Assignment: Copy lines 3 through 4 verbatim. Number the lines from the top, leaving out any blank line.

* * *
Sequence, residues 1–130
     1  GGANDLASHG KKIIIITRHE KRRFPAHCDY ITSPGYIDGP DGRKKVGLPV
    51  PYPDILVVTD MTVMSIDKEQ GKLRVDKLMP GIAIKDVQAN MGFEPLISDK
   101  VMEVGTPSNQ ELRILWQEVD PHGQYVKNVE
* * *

    51  PYPDILVVTD MTVMSIDKEQ GKLRVDKLMP GIAIKDVQAN MGFEPLISDK
   101  VMEVGTPSNQ ELRILWQEVD PHGQYVKNVE